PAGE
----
a model of the first atomic bomb
in the Los Alamos National Laboratory Museum
Los Alamos, city, seat of Los Alamos
County, central New Mexico, on Pajarito Plateau overlooking the Río Grande
Valley; incorporated 1968. Principally a research center, the city is the site
of Los Alamos National Laboratory. Los Alamos is also the site of a junior
college, the Bradbury Science Museum, and the Fuller Lodge Art Center, which
includes the Los Alamos Historical Museum, an arts center, and a performing arts
facility. Bandelier National Monument and Jemez State Monument, both featuring
Native American Pueblo ruins, are nearby. During World War II the site was
chosen by the U.S. government for nuclear weapon research, and the first atomic
bomb was developed here. The community subsequently was under the control of the
Atomic Energy Commission from 1947 until 1962, when it became self-governing;
during this period the first hydrogen bomb was designed here. The city's name is
Spanish for "the poplars."
Text from Microsoft Encarta
Bandelier National Monument
Tyuonyi, the circular two-story Pueblo in the bottom of Frijoles Canyon
Best known for mesas, sheer-walled canyons, and the ancestral Pueblo dwellings found among them, Bandelier also includes over 23,000 acres of designated Wilderness. It was named for Adolph Bandelier, a 19th-century anthropologist. Proclaimed on February 11, 1916
Several thousand years ago, the Pajarito Plateau was used by mobile Paleo-Indian hunters, and later by Archaic hunter-gatherers, who wandered through the canyons seeking game and wild plants.
round kiva in front of the square dwellings in the Tyuonyi
About 2,000 years ago, small family groups of Anasazi moved into the canyon occupying pit houses and cultivating corn, beans and squash. Pottery, and architecture slowly evolved in this region as it did throughout other Anasazi locations in the Southwest, but people continued living in small scattered settlements of one or two families.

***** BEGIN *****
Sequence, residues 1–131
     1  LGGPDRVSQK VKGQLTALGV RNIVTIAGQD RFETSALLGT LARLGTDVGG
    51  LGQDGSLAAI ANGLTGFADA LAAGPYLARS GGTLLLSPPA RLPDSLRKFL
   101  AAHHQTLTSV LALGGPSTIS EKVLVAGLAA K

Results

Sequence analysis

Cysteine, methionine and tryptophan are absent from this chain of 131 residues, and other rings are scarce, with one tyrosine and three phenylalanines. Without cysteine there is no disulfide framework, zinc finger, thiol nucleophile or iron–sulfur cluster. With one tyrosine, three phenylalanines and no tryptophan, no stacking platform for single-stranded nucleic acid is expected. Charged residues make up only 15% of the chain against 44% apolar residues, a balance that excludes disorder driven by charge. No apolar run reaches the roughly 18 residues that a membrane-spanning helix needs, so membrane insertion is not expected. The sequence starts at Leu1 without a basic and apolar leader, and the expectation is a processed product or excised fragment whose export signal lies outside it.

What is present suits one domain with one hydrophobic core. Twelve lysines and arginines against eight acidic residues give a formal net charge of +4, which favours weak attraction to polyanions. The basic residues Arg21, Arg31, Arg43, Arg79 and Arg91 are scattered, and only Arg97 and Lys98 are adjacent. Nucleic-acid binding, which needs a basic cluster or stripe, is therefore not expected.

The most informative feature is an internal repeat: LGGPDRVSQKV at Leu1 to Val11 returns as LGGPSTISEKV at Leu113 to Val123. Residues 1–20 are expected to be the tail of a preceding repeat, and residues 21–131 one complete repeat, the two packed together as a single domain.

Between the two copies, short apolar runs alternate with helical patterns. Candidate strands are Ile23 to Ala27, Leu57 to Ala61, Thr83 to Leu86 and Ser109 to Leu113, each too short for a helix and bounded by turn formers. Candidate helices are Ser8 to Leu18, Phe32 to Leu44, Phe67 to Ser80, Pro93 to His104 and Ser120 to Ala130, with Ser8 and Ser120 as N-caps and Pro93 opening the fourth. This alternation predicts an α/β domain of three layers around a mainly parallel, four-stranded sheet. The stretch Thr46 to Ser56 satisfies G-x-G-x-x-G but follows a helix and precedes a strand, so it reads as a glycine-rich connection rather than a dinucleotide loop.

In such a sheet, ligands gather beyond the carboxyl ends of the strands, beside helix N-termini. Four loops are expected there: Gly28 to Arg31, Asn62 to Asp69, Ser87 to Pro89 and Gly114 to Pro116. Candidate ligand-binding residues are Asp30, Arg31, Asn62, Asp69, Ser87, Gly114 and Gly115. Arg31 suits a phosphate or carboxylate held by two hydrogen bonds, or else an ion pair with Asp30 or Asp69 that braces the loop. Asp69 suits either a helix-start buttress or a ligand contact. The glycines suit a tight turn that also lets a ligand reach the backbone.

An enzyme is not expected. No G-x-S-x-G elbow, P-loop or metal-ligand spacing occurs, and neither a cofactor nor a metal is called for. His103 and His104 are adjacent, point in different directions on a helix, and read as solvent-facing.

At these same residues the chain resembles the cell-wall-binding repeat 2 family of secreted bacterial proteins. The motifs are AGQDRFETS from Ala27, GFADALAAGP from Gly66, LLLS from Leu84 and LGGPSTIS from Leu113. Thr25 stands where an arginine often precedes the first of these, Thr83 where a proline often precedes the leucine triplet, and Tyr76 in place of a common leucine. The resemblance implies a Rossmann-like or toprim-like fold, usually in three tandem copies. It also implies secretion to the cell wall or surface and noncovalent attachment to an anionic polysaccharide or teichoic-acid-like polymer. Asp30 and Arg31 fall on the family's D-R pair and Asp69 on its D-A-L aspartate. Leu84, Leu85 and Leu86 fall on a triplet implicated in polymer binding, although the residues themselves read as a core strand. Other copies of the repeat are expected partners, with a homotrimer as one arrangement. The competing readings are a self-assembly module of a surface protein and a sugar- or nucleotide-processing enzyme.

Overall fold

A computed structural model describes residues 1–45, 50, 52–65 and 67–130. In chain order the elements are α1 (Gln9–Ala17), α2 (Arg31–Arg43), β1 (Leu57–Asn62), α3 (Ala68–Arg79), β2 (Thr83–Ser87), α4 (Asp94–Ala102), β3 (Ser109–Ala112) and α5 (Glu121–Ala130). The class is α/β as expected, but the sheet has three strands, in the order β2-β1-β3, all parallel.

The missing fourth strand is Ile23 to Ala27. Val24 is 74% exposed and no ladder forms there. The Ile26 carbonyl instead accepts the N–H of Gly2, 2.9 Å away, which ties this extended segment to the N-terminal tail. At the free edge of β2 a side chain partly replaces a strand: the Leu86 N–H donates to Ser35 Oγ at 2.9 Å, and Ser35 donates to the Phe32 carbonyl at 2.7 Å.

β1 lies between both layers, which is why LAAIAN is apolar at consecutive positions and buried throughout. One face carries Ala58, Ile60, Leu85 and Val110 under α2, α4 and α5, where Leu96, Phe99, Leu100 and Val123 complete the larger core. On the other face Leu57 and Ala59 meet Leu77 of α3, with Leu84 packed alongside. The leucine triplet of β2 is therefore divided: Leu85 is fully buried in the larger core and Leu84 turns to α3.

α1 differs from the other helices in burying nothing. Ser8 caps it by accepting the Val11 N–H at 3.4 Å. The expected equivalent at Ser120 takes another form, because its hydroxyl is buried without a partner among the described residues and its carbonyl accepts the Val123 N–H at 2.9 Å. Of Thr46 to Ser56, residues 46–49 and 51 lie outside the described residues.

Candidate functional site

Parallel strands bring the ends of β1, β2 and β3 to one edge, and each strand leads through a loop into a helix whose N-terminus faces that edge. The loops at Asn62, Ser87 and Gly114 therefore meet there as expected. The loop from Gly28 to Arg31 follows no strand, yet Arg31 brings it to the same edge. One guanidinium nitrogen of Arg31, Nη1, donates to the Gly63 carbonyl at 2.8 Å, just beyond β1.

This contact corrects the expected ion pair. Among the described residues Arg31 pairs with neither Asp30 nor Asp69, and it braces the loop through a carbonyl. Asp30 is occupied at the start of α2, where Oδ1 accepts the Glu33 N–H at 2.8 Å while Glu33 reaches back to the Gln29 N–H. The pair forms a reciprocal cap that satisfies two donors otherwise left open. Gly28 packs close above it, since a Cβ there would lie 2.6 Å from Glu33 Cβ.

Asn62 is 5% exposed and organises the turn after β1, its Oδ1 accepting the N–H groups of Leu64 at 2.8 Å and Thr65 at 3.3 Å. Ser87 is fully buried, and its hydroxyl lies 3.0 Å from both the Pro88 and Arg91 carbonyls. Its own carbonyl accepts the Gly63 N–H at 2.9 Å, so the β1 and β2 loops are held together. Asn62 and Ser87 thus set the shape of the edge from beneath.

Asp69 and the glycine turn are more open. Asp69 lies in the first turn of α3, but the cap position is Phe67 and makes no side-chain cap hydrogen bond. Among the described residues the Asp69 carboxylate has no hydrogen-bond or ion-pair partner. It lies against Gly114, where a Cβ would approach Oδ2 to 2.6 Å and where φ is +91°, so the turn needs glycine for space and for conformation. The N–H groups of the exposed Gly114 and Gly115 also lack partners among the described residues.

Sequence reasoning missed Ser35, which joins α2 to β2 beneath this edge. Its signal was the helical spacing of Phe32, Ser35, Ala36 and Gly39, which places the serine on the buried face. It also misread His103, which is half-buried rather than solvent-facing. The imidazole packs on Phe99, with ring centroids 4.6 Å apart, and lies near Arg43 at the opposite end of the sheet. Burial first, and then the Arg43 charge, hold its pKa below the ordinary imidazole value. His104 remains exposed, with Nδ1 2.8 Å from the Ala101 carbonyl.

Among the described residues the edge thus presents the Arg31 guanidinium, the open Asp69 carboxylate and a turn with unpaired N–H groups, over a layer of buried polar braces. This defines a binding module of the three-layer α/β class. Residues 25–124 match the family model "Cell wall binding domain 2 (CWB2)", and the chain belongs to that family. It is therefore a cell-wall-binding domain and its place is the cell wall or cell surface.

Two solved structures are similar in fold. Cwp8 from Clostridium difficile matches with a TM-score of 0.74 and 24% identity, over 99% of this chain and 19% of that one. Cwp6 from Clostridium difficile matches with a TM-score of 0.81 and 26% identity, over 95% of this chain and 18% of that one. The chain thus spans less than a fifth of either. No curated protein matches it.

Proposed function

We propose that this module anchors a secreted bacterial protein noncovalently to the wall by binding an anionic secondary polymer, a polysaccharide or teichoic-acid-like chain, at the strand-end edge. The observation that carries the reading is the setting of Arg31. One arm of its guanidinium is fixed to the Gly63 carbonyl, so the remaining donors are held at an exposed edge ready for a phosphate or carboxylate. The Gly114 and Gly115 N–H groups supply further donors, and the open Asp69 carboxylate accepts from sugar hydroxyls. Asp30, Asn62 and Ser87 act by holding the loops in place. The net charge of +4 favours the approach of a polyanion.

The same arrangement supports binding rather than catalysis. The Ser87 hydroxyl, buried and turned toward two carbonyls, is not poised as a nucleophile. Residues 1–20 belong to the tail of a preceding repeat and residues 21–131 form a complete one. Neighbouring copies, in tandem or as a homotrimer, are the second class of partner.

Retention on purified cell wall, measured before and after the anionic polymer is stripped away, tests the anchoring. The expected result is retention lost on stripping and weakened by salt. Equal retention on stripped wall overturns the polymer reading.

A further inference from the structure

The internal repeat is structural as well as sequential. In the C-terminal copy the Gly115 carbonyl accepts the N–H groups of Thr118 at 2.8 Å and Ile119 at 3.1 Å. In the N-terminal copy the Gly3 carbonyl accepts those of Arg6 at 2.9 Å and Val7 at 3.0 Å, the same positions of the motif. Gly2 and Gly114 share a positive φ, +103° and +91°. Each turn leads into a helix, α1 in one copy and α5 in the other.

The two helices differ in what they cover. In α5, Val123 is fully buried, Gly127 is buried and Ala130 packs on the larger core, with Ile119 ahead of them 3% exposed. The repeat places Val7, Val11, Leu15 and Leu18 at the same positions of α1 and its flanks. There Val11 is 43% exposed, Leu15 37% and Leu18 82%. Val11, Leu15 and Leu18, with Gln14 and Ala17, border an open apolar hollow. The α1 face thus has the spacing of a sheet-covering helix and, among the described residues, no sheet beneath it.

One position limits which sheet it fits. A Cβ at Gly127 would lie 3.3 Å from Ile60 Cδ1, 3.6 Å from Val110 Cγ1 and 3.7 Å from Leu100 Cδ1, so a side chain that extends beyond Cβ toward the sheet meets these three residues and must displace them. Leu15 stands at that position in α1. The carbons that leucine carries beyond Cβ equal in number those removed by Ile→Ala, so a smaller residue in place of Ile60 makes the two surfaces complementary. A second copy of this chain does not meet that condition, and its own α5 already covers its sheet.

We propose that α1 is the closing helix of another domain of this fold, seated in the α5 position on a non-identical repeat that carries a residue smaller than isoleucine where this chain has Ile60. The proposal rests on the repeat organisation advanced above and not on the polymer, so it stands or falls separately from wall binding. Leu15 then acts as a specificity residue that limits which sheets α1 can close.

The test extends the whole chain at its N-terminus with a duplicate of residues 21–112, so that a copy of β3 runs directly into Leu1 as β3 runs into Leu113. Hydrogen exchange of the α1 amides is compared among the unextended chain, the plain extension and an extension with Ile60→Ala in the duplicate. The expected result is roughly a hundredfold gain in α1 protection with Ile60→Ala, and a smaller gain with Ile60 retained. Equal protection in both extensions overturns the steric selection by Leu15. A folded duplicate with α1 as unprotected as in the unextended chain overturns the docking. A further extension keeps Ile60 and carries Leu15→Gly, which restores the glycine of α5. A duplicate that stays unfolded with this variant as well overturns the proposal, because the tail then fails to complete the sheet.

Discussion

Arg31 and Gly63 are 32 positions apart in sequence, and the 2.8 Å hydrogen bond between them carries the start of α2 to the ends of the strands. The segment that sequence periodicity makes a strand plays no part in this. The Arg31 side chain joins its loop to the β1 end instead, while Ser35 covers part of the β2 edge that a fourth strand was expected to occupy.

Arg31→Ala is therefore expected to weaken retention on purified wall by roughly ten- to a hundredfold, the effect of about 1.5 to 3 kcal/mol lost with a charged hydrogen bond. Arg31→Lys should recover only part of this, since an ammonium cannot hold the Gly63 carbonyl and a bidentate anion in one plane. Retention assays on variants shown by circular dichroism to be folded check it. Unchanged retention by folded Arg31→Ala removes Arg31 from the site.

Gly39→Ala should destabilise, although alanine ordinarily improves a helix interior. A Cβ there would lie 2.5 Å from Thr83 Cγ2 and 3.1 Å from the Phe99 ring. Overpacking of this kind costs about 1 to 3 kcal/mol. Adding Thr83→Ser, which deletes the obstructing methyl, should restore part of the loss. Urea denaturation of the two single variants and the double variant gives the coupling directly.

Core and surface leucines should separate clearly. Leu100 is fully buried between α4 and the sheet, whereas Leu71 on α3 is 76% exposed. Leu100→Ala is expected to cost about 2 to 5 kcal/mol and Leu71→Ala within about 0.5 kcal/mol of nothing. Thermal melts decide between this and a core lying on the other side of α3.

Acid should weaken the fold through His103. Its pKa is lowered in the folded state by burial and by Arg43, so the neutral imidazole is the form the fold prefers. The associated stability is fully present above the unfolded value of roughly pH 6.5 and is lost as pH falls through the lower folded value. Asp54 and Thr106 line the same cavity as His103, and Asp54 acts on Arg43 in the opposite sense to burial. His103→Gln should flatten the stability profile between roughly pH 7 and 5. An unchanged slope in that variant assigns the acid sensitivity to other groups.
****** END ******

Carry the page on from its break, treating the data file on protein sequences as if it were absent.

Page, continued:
walls of the valley floor dwellings
About 800 years ago, there appeared a sudden influx of people, perhaps migrating from dryer areas of the Four Corners. People began living together in much larger groups creating villages (pueblos) with as many as 40 rooms.
dwellings partially carved into the soft volcanic tuff walls
This increase in population marked a cultural explosion. The Anasazi here began employing crude topols to scoop out dwellings from the soft volcanic tuff walls of the Pajarito Plateau fronting cave-like with multistory masonry buildings supported by wooden beams. These villages can be seen today for more than a mile along the talus slopes of Frijoles Canyon.
In the 13th century, the Anasazi constructed Tyuonyi, the circular two-story Pueblo in the bottom of Frijoles Canyon, just behind the Monument's Visitor Center. This high-walled village boomed in the 15th century, housing as many as 100 people.
About 1500, with the emergence of the Spanish into the Desert Southwest, the residents left the canyon, never to return. Their descendants probably lived in Cochiti and San lldefonso pueblos a few miles east on the Rio Grande River.
holes in the tuff for the poles that made the extended dwelling
Subsequent archeological surveys have
revealed thousands of sites throughout the plateau.
Adolph F.A. Bandelier was born in Switzerland in 1840 and raised in Illinois. In 1880, this 40-year-old self-taught anthropologist-historian came to the New Mexico Territory under sponsorship of the Archeological Institute of America. His goal was to trace the social organization, customs and movements of the Southwestern and Mexican peoples.
Bandelier traveled and studied the canyons and mesas throughout the region, speaking with many indigenous people and visiting 166 ruins in New Mexico, Arizona and Mexico. In 1880, men from Cochiti Pueblo guided Bandelier to their nearby ancestral homes in Frijoles Canyon. When he came upon the ancient pueblo ruins, he is reported to have exclaimed, "This is the grandest thing I ever saw."
natural rock figure
People and Places